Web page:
When I get home, I will just be mom. I’ll be with them 100%, besides the 10 hours a week that I have childcare so that I can work. I think it is important for women to be able to pursue their work and their dreams even if they have children. I want to show my daughters that the choice to have a family is not contingent upon letting go of or losing yourself in it. I think it is also so wonderful for my girls to build a close relationship with their dad. It is a beautiful thing to know that they are in such loving hands while I am away.
There is a really intimate feeling to this album, even when it is a track that reaches big, dramatic peaks like “Song For Sandy.” Can you talk a little bit about the recording process and who played on it with you?
This recording process for Cusp went very easily. I worked with a friend of mine, Peter Murray, who produced the album. He had a very wonderful way of helping to support my vision for the songs, without inserting himself too much. We had 6 days at Flora, a beautiful studio in Portland where we got the basic guitar, piano and vocal tracks. We did overdubs in a few different places. Ryan Francesconi wrote string arrangements, Heather Woods Broderick wrote a flute arrangement, Peter Broderick did strings on “So Tired,” and Klara and Johanna Soderberg of First Aid Kit sang backing vocals on “Ether & Wood” when they were in town to record their new album. Everyone who played on the album was a friend or friend of friend; it turns out that Peter and I both know a lot of really talented musicians. John Askew, who helped produce About Farwell, engineered and offered great input along the way also.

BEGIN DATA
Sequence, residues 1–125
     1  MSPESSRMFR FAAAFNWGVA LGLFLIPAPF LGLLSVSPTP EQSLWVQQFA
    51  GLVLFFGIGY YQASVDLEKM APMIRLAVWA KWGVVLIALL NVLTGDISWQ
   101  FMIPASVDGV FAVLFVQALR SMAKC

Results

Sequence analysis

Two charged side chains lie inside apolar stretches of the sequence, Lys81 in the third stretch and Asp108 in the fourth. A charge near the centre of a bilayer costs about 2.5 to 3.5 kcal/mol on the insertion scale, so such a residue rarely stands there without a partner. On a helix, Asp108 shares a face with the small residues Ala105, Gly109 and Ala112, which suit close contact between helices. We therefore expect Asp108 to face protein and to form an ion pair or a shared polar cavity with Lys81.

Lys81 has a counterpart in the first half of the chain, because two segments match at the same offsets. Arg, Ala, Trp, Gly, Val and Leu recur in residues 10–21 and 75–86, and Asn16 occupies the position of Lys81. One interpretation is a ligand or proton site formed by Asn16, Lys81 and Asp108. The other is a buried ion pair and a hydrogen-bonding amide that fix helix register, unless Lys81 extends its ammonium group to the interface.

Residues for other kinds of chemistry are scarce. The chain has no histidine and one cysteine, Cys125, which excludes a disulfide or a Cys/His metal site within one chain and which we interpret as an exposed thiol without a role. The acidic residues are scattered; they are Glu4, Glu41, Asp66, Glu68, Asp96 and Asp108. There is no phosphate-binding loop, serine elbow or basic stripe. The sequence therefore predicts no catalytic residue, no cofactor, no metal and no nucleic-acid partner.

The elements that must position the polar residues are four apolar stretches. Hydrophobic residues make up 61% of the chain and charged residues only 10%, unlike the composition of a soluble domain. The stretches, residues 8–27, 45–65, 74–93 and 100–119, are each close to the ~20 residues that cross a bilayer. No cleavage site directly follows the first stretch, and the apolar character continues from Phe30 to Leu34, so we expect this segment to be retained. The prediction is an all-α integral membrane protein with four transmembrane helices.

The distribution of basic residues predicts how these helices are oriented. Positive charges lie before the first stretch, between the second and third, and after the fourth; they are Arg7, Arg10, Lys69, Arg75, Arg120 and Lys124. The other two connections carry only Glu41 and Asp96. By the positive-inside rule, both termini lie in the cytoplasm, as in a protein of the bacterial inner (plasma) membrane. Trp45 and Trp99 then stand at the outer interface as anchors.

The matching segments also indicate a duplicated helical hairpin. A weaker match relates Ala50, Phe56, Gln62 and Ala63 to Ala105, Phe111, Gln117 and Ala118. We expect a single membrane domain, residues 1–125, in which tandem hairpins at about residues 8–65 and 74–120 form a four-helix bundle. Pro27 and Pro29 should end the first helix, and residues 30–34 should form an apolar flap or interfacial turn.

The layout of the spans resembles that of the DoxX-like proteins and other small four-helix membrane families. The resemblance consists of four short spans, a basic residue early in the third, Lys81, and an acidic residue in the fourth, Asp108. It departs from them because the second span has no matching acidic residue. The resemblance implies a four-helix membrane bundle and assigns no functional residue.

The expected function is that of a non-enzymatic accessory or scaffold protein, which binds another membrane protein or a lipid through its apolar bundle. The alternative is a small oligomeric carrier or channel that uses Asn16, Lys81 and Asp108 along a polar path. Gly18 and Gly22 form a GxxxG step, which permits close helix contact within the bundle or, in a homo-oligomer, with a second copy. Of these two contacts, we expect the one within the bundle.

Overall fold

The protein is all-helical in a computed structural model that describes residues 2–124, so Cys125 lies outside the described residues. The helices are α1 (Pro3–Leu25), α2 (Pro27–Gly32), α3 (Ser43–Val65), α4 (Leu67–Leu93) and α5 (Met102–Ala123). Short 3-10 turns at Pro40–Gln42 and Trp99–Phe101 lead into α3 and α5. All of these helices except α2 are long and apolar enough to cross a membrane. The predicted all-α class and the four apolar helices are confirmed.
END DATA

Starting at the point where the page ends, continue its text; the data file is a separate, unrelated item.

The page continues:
This sounds like your most piano-heavy album to date. What drew you to that instrument after such a focus on guitars with Ryan? Was it part of the set up at your residency?
While I was at the artist residency at Caldera, I broke my thumbnail, which I use quite a lot while fingerpicking. There was a piano in the main lodge there, so rather than play guitar poorly with my broken nail, I began playing piano. I had a bit of a breakthrough with the instrument and found it very relaxing to play. I began writing songs on it, and it provided a welcomed change to the way the songs sounded.
My favorite song is the final one, “Wild Ceaseless Song,” which seems in a way to call back the Wild Divine. What do you think is the sense of wildness that tracks through your work, even two albums that are so disparate and coming from such different places?
“Wild Ceaseless Song” was the first song I wrote after [my first daughter] Vera was born, but the last song completed for the album. I unearthed it, figured out how to play it on the piano, and changed some of the lyrics. This song does feel like a more classic song of mine, it imagines a future generation after I am gone, it looks back and forward, something I’ve done quite a lot in music. I’ve always been fascinated by the movement through time, through ancestry, the way that nature transcends a human life, and I do touch on these things in “Wild Ceaseless Song,” just as I’ve done on earlier work.
How do you think your daughter will feel later on when she’s a bit older and can listen to this record about her early life? Is that something you held in mind while you were writing and recording?